Stressed about gaining weight during the holidays? These expert tips can help you enjoy the season without gaining weight and blaming yourself later on. It is considered “the most wonderful time of the year


Are you an emotional eater?

If your family is causing you stress and anxiety, try to limit the time you spend with them, or consider announcing a non-texting day (or afternoon) from time to time to help get you out of family interactions. 

Try to plan something fun after the family gathering so you have something positive to look forward to. Staying busy, especially with non-food-related activities ahead of the holiday season, can also be a helpful way to not predict too much about how things will turn out.

That doesn’t mean you have to constantly worry and stress about eating holiday-specific foods at get-togethers and parties. Allow yourself to eat whatever you want, in small portions, as long as you start by adding healthy foods. 

Eat normally and have a snack before going to control hunger. When it comes to alcohol, remember that it can break your will. Eating disorders during the holidays

Planning your meals in advance is incredibly helpful, especially during the holiday season. Try to maintain your normal routine throughout the day, and when you know you’re going to be attending a family gathering or holiday reunion that will feature lots of delicious food, brace yourself.

Don’t Forget To Exhale: When stressed, we tend to forget to exhale, putting the body into an extra state of stress. So remember to take a moment, pause, and focus on your breath. When you do this correctly, your stress levels will immediately drop and you will start to feel better. 

Here are some ideas to help you get through the holiday season without worrying too much about gaining weight:

Plan Ahead: If you are invited to a holiday party or family reunion, bring something light, such as a vegetable plate with spinach and yogurt dip. And remember to eat from that plate before you eat cookies, cakes, or holiday cupcakes.

To Drink Lots Of Water: Some people drink a glass or bottle of water before attending a holiday reunion, and that’s the right thing to do. But when you get to the party, drink another glass or bottle of water before eating. This will help eliminate the “I’m so hungry and have to eat everything in sight” syndrome that happens to most people on holiday.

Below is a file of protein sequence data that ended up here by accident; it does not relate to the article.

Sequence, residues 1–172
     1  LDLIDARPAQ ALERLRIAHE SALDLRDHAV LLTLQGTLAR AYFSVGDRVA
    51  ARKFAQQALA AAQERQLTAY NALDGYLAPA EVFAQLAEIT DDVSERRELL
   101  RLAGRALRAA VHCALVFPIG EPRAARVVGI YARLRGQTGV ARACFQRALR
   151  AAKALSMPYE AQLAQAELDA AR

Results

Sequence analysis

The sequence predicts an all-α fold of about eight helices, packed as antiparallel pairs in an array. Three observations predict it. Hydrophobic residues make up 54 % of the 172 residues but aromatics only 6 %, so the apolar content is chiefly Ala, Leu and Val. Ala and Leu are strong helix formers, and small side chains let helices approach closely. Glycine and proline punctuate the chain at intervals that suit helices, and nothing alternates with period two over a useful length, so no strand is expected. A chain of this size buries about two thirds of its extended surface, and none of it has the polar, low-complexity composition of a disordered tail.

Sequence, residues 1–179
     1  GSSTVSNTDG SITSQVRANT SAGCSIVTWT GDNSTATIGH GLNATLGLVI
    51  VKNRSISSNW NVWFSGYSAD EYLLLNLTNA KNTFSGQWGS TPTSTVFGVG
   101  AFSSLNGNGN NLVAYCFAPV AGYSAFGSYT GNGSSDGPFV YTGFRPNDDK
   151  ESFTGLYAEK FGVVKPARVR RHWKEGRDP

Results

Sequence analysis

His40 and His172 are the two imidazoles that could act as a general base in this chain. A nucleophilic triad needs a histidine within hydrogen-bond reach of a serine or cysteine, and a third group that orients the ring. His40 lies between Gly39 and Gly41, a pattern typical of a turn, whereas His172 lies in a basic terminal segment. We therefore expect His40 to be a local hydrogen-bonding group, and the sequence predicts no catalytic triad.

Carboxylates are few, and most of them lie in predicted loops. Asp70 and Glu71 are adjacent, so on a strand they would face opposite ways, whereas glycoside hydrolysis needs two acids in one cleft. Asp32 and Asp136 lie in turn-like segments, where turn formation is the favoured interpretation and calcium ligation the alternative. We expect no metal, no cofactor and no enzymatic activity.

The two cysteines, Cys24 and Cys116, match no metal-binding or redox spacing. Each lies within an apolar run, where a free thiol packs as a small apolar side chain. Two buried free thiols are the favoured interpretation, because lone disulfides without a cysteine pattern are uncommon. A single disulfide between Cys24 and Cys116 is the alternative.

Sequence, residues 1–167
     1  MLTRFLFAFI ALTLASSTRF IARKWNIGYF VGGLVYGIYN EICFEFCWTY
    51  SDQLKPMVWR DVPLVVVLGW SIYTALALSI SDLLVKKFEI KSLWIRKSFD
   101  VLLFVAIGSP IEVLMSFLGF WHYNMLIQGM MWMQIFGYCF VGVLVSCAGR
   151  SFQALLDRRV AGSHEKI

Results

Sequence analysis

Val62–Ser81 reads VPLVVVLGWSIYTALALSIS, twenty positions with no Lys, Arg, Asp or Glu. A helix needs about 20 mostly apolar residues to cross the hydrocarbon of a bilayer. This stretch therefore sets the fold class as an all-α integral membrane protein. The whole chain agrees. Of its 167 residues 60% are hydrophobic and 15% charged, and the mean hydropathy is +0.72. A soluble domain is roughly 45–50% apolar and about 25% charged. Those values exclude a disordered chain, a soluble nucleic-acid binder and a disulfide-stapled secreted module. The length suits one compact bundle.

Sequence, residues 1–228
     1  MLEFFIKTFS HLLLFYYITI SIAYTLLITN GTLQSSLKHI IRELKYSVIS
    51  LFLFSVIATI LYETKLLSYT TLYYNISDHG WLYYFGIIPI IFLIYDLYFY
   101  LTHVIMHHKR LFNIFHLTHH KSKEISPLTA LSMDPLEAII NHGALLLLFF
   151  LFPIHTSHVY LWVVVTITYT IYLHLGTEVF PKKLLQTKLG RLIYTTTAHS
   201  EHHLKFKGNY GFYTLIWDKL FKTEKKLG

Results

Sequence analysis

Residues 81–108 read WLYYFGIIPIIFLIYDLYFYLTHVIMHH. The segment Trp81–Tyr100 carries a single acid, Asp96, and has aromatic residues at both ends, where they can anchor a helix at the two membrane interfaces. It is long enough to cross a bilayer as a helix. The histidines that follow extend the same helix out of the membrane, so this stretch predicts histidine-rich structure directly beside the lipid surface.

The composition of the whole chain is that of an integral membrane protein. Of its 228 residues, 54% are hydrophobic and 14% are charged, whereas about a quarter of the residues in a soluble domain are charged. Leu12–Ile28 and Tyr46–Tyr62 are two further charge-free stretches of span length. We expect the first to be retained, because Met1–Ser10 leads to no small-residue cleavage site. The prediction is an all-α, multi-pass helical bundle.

Monitor Your Alcohol Intake: Speaking of staying hydrated, remember to drink water in between all alcoholic beverages. It will keep you hydrated and slow you down between drinks. It’s easy to taste every dish in front of you, just as easy to taste different alcoholic beverages:

Eggnog, Punch, Wine: Remember that alcohol can sabotage your self-control and make you think you still have room in your stomach for a few more slices of cake.

Eat slowly: Are you one of those people who fill their plate with lots of delicious treats and eat them like it’s a competition? Slow down and remember that this is not a race. Eating too fast is one of the main reasons people overeat. 

It can take 15-20 minutes for the brain to send a signal to the stomach that you are full and need to stop eating. And if you’re not careful, during this time you can stuff a lot of food into your stomach.

Less Exercise: Remember to keep moving. Exercise is not only good for your heart and bones, but it’s also good for your mental health. Even a short workout can stimulate the body to produce endorphins, the feel-good hormones. 

Focusing on your yoga routine or jogging in the park can distract you from your current concerns and harm self-talk and make things less overwhelming. Unfortunately, as the colder months come, many people stop exercising and start eating more.

 Don’t fall into this trap. Instead, aim to move for 30 minutes a day. Before you say your schedule doesn’t have an extra 30 minutes, break it up into three 10-minute chunks. Simply stretching in the morning and before bed and suggesting a walk with loved ones can be helpful.

Consider Cutting Calories Intermittently: Reducing your food intake before a family gathering or holiday party or the next day not only helps with weight loss (and weight maintenance), but studies show there are other benefits, including mentally sharper, McQuillan said. 

If you want to try this method, McQuillan recommends having “light” foods ready (like hard-boiled eggs, fruit, and Greek yogurt) so you don’t overeat when you eat them again. Aim for 12 to 14 hours between your last meal and the next. McQuillan issues this warning:

“Fasting doesn’t work for many people because they become voracious and overeat at the next meal.”

Take the time to enjoy the holidays and attend family gatherings and parties without fear of gaining too much weight. When you plan ahead and have the right attitude, you’ll be able to focus on the fun and not on the bad food.